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Focus: Manufacturing

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From SCDigest's On-Target E-Magazine

- Dec. 4, 2013 -

Supply Chain News: Honda Must Focus on Manufacturing Excellence, not Just Product Excellence, Its President Says


New Honda Factory in Japan Makes Broad Use of Robotics, Shaves 40 Minutes off Assembly Times; A Testing Lab for Factories Worldwide


SCDigest Editorial Staff

Honda last week released gave media a tour of an advanced new factory that it opened north of Tokyo in July, part of an eventual gcampaign to upgrade its manufacturing capabilities and efficiencies worldwide.

For Honda to progress," said Honda president Takanobu Ito, "We must advance the technology of manufacturing, not just the technology of our products."

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"We are doing this since we expect what we learn here to be effective when it is transferred overseas," Honda's Kono added.

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Given Japan's shrinking car market, some are saying this may be the last new greenfield auto factory that will be built in Japan for decades.

Honda had unveiled plans to for this cutting-edge factory in 2006. Construction started in 2007, and it was supposed to be in production by 2010. But it the project was delayed, first due to the impact of the global recession. Ito then resurrected the project in 2010, but it was again delayed after the 2011 earthquake and tsunami in Japan. Now finally completed, this is Honda's first new Japanese factory in 23 years.

"We wouldn't have needed this plant if we had built it just for the domestic market," said Takehiro Kono, the head of operations at the new plant, at a press conference at the facility last week.

Exporting cars from the new factory, with annual capacity to make 250,000 small cars based on the Fit platform, isn't really a key part of the plan either.

Rather, the main mission seems to be the perfection of new production techniques for use in factories across the globe.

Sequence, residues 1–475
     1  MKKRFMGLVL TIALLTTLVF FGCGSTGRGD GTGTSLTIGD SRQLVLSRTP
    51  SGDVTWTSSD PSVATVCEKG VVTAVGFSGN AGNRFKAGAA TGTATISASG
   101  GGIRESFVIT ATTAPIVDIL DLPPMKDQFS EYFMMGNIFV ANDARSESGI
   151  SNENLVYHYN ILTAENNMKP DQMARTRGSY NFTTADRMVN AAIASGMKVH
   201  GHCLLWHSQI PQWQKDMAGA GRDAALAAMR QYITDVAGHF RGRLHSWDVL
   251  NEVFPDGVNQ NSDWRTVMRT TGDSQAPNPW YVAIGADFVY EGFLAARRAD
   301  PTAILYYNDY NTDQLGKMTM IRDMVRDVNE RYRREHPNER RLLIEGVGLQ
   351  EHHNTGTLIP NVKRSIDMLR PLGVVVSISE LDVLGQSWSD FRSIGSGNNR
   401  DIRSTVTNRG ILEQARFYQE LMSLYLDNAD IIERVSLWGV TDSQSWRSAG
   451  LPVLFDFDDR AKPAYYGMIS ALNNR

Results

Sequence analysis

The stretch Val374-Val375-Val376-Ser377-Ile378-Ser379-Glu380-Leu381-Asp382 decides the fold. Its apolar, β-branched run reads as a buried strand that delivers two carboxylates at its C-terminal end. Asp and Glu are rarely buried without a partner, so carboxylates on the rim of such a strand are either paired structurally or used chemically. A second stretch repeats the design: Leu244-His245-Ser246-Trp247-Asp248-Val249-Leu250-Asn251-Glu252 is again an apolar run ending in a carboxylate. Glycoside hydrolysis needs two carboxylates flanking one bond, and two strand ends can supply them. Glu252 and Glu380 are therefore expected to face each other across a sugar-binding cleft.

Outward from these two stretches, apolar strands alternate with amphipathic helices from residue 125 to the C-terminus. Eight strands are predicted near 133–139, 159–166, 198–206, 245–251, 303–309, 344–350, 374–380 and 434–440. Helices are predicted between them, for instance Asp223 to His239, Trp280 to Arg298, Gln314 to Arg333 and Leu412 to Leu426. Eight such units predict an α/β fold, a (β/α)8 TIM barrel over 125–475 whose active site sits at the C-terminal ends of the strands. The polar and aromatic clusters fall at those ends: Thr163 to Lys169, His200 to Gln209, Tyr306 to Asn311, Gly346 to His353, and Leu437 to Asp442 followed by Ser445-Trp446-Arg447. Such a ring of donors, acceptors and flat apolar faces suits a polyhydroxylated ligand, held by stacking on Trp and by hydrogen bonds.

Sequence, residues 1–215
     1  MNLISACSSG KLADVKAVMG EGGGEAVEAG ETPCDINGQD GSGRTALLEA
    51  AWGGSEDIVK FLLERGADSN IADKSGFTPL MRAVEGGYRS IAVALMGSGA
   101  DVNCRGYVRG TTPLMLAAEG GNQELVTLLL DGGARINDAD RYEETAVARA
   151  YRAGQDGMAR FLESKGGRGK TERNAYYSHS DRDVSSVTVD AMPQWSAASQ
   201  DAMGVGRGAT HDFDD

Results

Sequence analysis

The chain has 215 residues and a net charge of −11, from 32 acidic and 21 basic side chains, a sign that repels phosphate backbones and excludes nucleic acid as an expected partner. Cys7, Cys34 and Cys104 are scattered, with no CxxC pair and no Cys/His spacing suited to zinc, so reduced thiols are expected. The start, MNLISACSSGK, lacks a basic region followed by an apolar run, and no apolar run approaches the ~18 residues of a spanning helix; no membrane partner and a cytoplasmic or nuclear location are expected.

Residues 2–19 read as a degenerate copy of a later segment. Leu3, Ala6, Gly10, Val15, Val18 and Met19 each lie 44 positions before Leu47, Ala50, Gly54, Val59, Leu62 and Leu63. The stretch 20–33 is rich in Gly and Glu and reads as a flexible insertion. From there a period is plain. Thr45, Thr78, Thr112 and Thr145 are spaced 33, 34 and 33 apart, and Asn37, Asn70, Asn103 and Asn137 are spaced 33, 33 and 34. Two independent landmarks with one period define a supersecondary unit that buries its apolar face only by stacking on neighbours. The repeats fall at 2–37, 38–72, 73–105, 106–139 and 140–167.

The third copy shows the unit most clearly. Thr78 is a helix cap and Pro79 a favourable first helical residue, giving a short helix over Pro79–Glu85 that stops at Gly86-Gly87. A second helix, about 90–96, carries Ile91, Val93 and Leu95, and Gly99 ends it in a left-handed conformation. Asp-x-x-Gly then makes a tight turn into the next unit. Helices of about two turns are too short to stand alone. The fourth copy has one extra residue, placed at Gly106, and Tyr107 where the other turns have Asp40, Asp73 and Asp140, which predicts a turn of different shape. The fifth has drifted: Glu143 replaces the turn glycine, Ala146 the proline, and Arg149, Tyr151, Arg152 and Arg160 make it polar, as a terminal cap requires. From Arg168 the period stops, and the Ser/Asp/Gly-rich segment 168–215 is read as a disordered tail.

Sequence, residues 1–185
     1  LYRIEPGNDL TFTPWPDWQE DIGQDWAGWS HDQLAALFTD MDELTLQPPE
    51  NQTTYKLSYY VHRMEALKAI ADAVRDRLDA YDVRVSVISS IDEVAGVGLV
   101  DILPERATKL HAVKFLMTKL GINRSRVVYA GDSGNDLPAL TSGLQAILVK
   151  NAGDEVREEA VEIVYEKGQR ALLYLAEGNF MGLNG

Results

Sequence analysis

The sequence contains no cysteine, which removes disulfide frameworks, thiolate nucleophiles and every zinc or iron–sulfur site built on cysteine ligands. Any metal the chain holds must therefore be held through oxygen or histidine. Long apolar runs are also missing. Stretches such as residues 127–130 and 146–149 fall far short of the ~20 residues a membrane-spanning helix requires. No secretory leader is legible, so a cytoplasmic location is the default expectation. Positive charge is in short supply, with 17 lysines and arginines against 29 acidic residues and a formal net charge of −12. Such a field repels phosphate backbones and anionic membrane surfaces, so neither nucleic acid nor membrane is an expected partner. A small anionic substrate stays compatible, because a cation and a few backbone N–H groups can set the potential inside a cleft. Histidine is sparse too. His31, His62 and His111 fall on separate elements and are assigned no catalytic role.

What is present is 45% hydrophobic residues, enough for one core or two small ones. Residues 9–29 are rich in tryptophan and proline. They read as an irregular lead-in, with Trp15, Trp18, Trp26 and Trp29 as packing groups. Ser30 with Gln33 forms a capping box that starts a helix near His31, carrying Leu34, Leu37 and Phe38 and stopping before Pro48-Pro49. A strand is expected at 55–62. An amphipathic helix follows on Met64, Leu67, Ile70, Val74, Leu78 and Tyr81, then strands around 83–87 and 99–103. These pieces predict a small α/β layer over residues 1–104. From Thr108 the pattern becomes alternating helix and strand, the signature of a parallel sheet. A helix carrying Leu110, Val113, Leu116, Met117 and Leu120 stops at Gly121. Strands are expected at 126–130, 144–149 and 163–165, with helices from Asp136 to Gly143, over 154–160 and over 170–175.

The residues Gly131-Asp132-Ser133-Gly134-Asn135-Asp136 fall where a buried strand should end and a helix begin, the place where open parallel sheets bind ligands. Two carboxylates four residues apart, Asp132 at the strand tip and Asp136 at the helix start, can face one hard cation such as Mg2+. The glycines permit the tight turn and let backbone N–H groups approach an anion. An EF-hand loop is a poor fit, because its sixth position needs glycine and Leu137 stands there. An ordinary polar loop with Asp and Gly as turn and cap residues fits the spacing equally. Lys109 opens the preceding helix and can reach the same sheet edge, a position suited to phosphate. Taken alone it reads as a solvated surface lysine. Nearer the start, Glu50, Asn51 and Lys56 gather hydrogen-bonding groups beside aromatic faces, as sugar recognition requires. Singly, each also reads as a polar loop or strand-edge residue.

"We are doing this since we expect what we learn here to be effective when it is transferred overseas," Kono added "We built this factory for other new plants to come."

The new factory is in Yorii, nestled in rolling green foothills just north of Tokyo as part of Honda's Saitama assembly complex. It is equipped with Honda's most advanced manufacturing machines and equipment. It boasts nine automated production processes, compared with just one at the nearby 50-year old Sayama plant.

The production systems makes heavy use of robotics, which are used to install instrument panels, seats, tires and suspension systems. High-speed welding robots make the car body frames, advanced hemming machines shape doors and hoods, and streamlined stamping lines also employ cutting-edge technology.

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While some robots are used at Honda's Sayama plant, that facility requires four machines for mounting tires, versus just two at Yorii.

The advanced production systems have reduced the number of the total processes by 9% compared with Sayama, and cut assembly lead times by 18%.

Other improvements cited at a press conference include:

• Stamping efficiency improved 40% by introducing a high-speed press and a high-speed die-swapping machine.

• Energy consumption in the paint shop has been reduced by 40%.

• The reduction in production processes has reduced the time required for final assembly by an impressive 40 minutes.

The new, much more automated approach should be considered in the context of Honda's plan to increase sales by 50% to 6 million vehicles over the next four years.

Still, all the robotics will significantly increase the upfront investment in new facilities needed to support that production growth. Will it have the right payback?

Honda's Kono acknowledged that in some emerging markets, some of the automation in a factory might initially be scaled back to take advantage of low labor costs. But he said that once wages start picking up, it is likely the technology developed at Yorii would then be transferred to gain the efficiencies.

The highly efficient Yorii plant is allowing Honda to sell its Fit hybrid vehicle for 1.635 million yen ($16,350), which us not much higher than the regular model, which starts at 1.265 million yen ($12,650). The price gap for hybrids generally has been much higher than that in the industry.

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